You may be familiar with the relationship between collagen and skincare. Did you know this protein may also support oral health? Collagen may play a role as part of a proper oral care regimen.
What is collagen?
Collagen is a protein that occurs naturally in the human body. Collagen can be found in different parts of our body, including our skin and bones. As we age, our bodies may generally produce less collagen. This decline in collagen levels may lead to wrinkles and bone loss in some individuals (study).* Collagen may also play a role in healthy aging.*
Our teeth are made of specific components, including our enamel, cementum, dentin, and the tooth pulp. The tooth pulp is a soft tissue in the center of a tooth. It contains nerve endings and blood vessels. The tooth pulp may also help to create dentin.
Dentin is the main component of teeth, accounting for around two-thirds of the tooth's volume. It is a rigid, calcified material that forms the bulk of the tooth structure. The enamel that covers the tooth is essentially a thin protective shell, while the dentine underneath provides strength and stability.
How does collagen benefit teeth?
Collagen may benefit teeth in a few different ways. There are many types of collagen, each of which may play a different role in our body.
Type I collagen is the most abundant type in the body and is found in the tooth pulp. Type I collagen is the main component of the organic portion of dentine. Collagen of type I accounts for around 85% of this dentine portion, while the rest is formed by collagen of type III and V (study).*
Collagen can be found in the gingival tissue and helps to keep gums healthy. It might also help to repair specific damages that may have happened to the gums.* This is because collagen fibers are one of the main elements of the connective tissue in the gums. One study found that collagen can help promote the preservation of structural integrity and tissue function of gums in specific cases (study). Therefore, a loss of collagen might be a signal/marker of periodontal disease progression in certain populations.*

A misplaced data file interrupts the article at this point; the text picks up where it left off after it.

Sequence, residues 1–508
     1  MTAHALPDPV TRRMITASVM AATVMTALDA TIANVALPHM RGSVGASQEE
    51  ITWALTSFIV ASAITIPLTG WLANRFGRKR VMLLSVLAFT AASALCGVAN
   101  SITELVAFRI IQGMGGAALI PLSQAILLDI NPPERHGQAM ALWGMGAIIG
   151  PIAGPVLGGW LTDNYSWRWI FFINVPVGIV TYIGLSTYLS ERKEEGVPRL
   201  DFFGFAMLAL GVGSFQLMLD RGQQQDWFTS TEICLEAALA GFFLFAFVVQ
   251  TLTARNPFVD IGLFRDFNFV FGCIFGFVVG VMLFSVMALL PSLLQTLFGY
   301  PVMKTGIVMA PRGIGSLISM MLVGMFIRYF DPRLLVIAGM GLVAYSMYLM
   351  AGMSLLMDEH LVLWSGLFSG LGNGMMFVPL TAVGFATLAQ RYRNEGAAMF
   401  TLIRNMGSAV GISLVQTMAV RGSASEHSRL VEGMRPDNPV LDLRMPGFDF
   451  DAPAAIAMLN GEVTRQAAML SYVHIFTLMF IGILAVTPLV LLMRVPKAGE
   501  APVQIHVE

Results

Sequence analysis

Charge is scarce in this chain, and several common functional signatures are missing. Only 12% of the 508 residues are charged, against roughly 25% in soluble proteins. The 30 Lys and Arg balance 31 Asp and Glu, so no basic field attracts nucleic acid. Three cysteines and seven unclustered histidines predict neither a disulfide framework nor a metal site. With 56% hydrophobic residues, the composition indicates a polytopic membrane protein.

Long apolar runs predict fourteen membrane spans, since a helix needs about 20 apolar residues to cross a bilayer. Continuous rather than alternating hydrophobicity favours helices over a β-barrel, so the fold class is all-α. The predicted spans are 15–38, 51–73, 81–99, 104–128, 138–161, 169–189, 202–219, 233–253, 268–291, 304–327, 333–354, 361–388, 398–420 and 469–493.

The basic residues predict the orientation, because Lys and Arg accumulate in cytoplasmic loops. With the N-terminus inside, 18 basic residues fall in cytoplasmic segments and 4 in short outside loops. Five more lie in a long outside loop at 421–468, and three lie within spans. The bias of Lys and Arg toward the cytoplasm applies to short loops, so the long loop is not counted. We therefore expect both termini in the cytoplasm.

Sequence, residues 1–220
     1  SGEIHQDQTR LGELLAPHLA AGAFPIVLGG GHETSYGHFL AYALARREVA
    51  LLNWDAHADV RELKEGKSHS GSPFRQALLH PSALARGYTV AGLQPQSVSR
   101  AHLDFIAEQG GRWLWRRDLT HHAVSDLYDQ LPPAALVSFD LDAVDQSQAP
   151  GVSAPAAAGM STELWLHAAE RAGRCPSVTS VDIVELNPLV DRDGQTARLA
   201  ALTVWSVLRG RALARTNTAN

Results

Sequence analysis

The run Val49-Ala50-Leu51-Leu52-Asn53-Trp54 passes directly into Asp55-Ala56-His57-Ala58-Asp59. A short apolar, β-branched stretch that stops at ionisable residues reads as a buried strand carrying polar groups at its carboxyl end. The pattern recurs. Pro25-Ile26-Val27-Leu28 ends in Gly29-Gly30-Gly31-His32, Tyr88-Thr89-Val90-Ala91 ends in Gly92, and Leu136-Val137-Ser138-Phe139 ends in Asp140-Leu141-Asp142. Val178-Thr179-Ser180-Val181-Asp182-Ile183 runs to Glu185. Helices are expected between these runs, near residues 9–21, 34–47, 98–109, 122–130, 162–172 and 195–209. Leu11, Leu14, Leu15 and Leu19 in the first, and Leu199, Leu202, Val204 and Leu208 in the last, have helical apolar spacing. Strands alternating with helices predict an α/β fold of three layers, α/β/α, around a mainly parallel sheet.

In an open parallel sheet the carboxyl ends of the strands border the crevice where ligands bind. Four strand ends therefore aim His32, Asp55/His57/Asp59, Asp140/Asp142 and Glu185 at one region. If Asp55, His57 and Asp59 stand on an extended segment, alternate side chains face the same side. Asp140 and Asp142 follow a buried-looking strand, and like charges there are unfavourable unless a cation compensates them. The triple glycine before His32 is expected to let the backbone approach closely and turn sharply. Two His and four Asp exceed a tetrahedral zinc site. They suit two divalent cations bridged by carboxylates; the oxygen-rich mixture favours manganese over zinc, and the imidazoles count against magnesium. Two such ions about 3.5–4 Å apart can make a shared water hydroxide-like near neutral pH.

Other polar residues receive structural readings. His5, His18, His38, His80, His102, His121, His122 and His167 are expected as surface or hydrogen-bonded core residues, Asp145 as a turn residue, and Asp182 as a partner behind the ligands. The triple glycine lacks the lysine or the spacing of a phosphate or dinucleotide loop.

Another study also showed that collagen exists as a distribution of nanoscale morphologies in teeth (study).*
Research also showed that collagen deficiency of type VII might play a role in defective tooth enamel formation (study). Enamel is the protective outer layer of the tooth that can be worn down by acidic foods and drinks, brushing too hard, or grinding your teeth.
Once the enamel is damaged, it may be more susceptible to cavities and decay.* Another study showed that collagen could help to repair certain teeth damage and help prevent further deterioration of the enamel when associated with a specific synthetic peptide in certain population (study).*
In addition, one more study showed that collagen could also help to reduce gum inflammation around exposed roots with a specific method (study).* Gum disease is a severe condition that occurs when bacteria build up in the gums, causing them to become swollen and inflamed. If left untreated, gum disease could lead to tooth loss.*
Finally, collagen may also helps your jawbone by supporting bone mineral density in specific populations (study). Our jawbones provide support for our teeth - so it's important to keep them healthy. Unfortunately, as we age, our jawbones may also begin to deteriorate due to bone loss. This might lead to tooth loss and a change in facial appearance (such as sagging skin).*
Many foods contain collagen, such as bone broth, fish, and chicken. In addition, some teeth and gums vitamin supplements and other protein powders supplements may also contain collagen. You can also read and learn more about vitamin C for teeth, vitamin D for teeth, calcium for teeth, zinc for teeth, and phosphorus for teeth.
As always, talk to your doctor before taking any supplements. Get professional advice if you think you might need a collagen supplement or are already taking one to ensure you're not exceeding the amounts you may need.